Should You Buy a Refurbished Handset? Here are the Pros and Cons

With smartphone prices rising steadily over the last few years, more manufacturers are offering refurbished devices at lower prices. If you’re thinking of getting a refurbished handset, here are the advantages and disadvantages. 

What counts as a refurbished handset?

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A refurbished smartphone is a previously owned phone that’s been resold on the market. The handset will have been cleared of any data from the previous owner, and it should come with a warranty to protect you if any faults or defects emerge. 

Unlike second-hand smartphones sold by private sellers, refurbished smartphones are sold by a reputable manufacturer, retailer, or network. 

There are two kinds of refurbished handsets in the market:

  • Pre-owned handsets that have been returned to the manufacturer due to faults and have been repaired for resale. 
  • Brand new and non-faulty handsets that have been returned by consumers who changed their minds within the 30-day cooling-off period after signing up for a contract.

Refurbished smartphones are typically classified under different quality-determined grades so sellers know what to expect in terms of quality. To help consumers choose a refurbished handset in a satisfactory condition, many sellers indicate the grade of the handset in the product description:

  • Grade A – Also described as “like new” or “nearly perfect”  buying Grade A is akin to buying brand new as the handset is unlikely to have any scratches and might even come with its original packaging and accessories. 
  • Grade B – A Grade B handset is likely to have some scratches and other minor cosmetic issues, but it should be in full working order. 
  • Grade C – Refurbished Grade C handsets will show obvious signs of use and previous ownership but should be in excellent working order.

Whichever grade handset you choose, manufacturers and retailers will run a number of checks and tests before selling refurbished smartphones to ensure that they are fully operational. These tests usually include:

  • Making sure that the battery charges
  • Checking that the keys and cameras work
  • Verifying screen responsiveness, audio quality, and wifi connectivity

The pros of choosing refurbished

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Cost savings – Perhaps the main advantage of buying refurbished is lower prices. This allows you to stretch your budget and choose from a larger selection of phones, including ones by top brands and manufacturers. 

 Flexibility – Buying a refurbished handset outright helps you avoid being tied to a lengthy and costly contract. Being off-contract means that you will pay for the phone upfront, which is advantageous if you do not want to take on any more debt. With the vast majority of refurbished handsets, your unit will already be unlocked, giving you the freedom to choose and change network providers as you please.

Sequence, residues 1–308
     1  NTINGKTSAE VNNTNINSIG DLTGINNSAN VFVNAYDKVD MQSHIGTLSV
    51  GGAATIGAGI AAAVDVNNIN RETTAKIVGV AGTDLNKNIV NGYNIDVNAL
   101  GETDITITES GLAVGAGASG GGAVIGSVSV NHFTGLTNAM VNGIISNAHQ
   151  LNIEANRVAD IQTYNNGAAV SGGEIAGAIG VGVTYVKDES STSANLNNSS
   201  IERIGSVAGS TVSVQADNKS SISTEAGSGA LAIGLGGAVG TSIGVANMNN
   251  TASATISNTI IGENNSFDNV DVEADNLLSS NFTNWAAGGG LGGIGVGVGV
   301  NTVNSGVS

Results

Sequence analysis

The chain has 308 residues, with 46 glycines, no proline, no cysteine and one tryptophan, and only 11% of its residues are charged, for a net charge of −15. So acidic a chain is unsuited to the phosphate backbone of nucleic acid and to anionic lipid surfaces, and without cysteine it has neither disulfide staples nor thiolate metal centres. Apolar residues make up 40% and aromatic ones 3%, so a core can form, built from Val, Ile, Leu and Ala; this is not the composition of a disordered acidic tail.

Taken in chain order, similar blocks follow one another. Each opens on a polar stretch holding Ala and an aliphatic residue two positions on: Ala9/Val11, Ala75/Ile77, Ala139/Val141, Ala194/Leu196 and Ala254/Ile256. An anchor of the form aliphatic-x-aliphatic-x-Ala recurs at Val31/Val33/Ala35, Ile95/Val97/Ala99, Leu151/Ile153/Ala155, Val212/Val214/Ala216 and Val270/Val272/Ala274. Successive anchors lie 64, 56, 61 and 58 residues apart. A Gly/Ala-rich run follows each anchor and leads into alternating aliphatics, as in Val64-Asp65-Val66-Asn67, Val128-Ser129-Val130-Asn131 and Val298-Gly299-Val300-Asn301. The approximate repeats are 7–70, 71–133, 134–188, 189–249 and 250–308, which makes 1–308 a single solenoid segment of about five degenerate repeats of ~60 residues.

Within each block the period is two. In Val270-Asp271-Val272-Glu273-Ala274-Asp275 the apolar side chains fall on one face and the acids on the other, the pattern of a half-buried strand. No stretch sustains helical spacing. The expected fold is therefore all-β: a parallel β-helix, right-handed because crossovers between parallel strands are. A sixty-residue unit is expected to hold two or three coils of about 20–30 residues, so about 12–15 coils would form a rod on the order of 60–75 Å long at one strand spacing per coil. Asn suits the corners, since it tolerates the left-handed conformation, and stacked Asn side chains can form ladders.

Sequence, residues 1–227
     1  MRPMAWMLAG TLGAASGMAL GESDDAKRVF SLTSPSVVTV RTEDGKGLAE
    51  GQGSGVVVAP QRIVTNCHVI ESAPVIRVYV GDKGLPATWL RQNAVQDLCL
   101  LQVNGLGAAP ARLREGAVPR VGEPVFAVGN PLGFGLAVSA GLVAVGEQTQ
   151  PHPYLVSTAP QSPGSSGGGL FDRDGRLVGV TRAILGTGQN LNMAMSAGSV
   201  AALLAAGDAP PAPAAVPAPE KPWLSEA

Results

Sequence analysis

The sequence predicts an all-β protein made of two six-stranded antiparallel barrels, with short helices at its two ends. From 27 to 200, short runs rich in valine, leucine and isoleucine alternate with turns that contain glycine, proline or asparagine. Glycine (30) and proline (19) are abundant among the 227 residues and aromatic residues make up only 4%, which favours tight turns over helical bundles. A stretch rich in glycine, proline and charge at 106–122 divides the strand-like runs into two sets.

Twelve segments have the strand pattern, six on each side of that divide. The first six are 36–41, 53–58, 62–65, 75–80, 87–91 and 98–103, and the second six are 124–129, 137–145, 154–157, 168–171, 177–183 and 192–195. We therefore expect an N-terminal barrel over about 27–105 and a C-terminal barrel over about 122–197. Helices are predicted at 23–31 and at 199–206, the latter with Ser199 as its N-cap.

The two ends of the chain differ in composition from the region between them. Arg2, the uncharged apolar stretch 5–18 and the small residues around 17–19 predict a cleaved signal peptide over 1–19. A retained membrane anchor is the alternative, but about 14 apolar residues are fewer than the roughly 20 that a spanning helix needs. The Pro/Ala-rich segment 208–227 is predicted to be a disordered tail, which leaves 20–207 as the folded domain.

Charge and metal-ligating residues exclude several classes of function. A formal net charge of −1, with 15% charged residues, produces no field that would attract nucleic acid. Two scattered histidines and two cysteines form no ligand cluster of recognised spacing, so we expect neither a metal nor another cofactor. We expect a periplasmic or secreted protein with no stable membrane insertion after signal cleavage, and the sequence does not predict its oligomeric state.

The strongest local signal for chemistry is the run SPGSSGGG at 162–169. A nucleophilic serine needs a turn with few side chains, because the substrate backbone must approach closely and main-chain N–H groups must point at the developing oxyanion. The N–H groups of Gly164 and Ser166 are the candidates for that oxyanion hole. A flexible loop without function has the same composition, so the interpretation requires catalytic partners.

Buying a refurbished handset on a contract is still going to be less expensive compared to a similar contract for a new smartphone. 

Peace of mind – Unlike second-hand smartphones sold by private sellers, a refurbished handset comes with a warranty. Further, the retailer will have made the necessary checks and tests to make sure that your refurbished unit is working properly. 

Less waste reduction – Buying refurbished doesn’t contribute to the demand for new phones to be made in factories. It also keeps old but still usable smartphones from going straight to the landfill. As more people buy refurbished handsets over time, the benefits can add up to a greener and more sustainable environment. 

The downsides of buying refurbished

There are few drawbacks to buying a refurbished handset, and they mostly pertain to cosmetic issues, particularly for Grade B and C handsets. For instance, a refurbished handset may have superficial scratches that are difficult to remove. These cosmetic issues can be concealed with phone cases and other mobile accessories. But more importantly, they won’t affect the way the smartphone works in any way. 

Transparency might be an issue for some consumers, who have no way of knowing about the full history of the phone and who the previous owner was. Though refurbished handsets from reputable retailers are guaranteed to work properly, there’s no exact way to know why these units have been returned or refurbished.

Lastly, warranty coverage for refurbished handsets is typically shorter than brand new units. But if the unit has been checked and tested before the sale, then consumers should have no issues with their refurbished handset.

Follow Mobicity for updates on handsets and other mobile news in Australia. 

Clarence James

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